Intersex Awareness Day is marked annually on October 26. Matthew Wade caught up with Morgan Carpenter from Intersex Human Rights Australia to chat about the significance of the day.

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The first ever public demonstration by intersex people took place in 1996, and it was the beginning of the intersex human rights movement.

It was staged as a way to draw attention to the involuntary or coerced medical interventions being performed on young intersex bodies to erase their intersex traits.

And while that original demonstration has since evolved into Intersex Awareness Day – an annual day bringing visibility to intersex people – the issues remain the same.

The invasive procedures continue to be carried out in Australia without personal informed consent, and are often irreversible.

They can cause permanent infertility, pain, a loss of sexual sensation, and lifelong mental health issues like depression.

Co-Executive Director of Intersex Human Rights Australia (IHRA), Morgan Carpenter, says Intersex Awareness Day is an important opportunity to highlight the ongoing fight to end the medical interventions.

“Our core issues are still the same, unfortunately,” he says.

“We hear a lot of reassurances from different bodies that there has been change, but nobody has been able to produce any evidence of that.

“Often these surgeries are conducted early because of the idea that children can be saved from trauma, but young people need time to learn about their bodies and make their own informed decisions, an autonomy removed from them through these procedures.”

Intersex people are born with physical or biological sex characteristics that don’t fit binary ideas around male and female bodies.

There are at least 40 kinds of intersex variations and according to experts up to 1.7 per cent of the population are born with one or more of them.

Some intersex traits are visible at birth while others might not be apparent until puberty.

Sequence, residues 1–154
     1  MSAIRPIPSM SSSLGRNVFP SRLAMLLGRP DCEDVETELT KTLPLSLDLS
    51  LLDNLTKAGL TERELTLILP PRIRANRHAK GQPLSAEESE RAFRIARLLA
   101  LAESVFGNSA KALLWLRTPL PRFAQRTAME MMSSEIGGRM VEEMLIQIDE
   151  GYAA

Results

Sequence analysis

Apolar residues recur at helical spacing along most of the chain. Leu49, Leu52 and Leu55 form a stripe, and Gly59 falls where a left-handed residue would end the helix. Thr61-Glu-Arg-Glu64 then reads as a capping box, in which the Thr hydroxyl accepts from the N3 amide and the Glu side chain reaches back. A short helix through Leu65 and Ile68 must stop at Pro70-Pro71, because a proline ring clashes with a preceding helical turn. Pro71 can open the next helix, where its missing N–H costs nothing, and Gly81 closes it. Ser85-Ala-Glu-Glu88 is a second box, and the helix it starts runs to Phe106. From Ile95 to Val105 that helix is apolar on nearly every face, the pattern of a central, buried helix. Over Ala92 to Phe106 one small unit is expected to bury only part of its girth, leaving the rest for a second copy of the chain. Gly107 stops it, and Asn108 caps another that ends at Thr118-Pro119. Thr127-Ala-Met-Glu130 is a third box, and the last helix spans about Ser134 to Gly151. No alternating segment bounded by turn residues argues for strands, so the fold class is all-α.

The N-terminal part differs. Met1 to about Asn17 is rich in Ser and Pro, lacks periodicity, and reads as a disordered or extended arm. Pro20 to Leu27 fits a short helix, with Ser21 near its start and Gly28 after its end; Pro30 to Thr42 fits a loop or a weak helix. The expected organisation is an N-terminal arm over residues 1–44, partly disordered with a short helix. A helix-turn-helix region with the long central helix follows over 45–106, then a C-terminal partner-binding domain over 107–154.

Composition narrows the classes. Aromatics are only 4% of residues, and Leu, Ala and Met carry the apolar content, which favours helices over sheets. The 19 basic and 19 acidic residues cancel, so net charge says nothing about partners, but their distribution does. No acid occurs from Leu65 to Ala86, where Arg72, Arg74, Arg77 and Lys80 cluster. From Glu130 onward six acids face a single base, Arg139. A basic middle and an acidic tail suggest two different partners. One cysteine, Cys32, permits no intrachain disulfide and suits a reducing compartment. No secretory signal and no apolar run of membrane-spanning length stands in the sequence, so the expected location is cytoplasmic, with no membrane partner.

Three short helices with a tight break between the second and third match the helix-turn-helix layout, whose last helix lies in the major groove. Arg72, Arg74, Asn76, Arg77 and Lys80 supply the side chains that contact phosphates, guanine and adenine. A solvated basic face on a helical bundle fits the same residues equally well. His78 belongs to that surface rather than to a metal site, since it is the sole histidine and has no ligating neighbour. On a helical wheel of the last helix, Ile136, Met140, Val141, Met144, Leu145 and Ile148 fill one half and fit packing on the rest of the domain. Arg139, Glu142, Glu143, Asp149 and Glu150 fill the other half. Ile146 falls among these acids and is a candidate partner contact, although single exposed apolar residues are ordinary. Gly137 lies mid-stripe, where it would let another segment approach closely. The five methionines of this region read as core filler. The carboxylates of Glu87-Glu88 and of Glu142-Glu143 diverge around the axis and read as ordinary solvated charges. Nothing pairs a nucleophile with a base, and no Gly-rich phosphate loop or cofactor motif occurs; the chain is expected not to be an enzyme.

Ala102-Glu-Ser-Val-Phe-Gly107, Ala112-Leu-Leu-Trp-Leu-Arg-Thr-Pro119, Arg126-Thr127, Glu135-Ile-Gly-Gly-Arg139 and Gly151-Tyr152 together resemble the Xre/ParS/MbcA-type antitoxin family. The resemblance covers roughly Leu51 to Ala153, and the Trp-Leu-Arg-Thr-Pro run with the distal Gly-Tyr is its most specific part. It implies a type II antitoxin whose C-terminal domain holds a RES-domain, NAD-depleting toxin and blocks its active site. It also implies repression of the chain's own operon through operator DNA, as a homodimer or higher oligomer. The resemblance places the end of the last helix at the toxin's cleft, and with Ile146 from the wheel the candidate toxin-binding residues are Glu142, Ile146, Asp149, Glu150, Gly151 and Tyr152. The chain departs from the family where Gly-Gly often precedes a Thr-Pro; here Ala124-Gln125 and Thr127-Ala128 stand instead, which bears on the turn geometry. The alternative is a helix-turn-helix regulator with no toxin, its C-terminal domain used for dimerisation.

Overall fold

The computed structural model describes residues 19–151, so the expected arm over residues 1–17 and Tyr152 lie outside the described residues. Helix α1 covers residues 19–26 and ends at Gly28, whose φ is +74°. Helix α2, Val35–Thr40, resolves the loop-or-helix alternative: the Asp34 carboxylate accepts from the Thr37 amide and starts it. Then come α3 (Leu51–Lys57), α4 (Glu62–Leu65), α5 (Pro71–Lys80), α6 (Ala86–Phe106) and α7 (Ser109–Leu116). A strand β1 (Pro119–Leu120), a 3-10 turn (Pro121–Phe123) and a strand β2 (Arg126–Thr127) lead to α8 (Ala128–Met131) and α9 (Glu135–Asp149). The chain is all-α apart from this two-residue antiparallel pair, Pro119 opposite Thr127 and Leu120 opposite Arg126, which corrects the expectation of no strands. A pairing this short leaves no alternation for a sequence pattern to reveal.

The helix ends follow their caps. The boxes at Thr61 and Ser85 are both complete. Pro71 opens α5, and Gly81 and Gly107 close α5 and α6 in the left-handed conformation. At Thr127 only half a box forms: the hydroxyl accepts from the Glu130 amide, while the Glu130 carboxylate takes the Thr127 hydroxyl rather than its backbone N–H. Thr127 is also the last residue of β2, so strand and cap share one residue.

Carpenter says many within and outside the LGBT community often associate intersex people with minority sexualities or gender identities, despite the fact that evidence suggests most intersex people are cisgender, and roughly half are heterosexual.

He adds that it has become the norm in LGBT spaces for that to be ignored.

“It makes it difficult for us to talk about the issues we face,” he says.

“Any framing that talks about LGBTI people around issues of sexuality and gender won’t provide a conceptual framework for intersex people.

“Intersex people share the common experience of being born with sex characteristics that don’t fit typically male or female bodies.”

Earlier this year the Australian Human Rights Commission (AHRC) sought input from people born with intersex variations on how to best protect their human rights.

Carpenter and the team at IHRA have sent a submission outlining how intersex people – infants, children, and adolescents in particular – can be protected in medical settings.

While he’s hopeful the consultation will yield positive results, he says the only way to end unnecessary medical interventions on intersex people is by enacting policy change.

“The Human Rights Commission can make proposals, but it will take the government to make reforms,” he says.

On Intersex Awareness Day, Carpenter hopes the broader population educate themselves on what it means to be intersex and the issues affecting their community.

“It’s a great day to find out more about intersex people,” he says.

For resources and information on the intersex community in Australia, visit IHRA’s website: ihra.org.au

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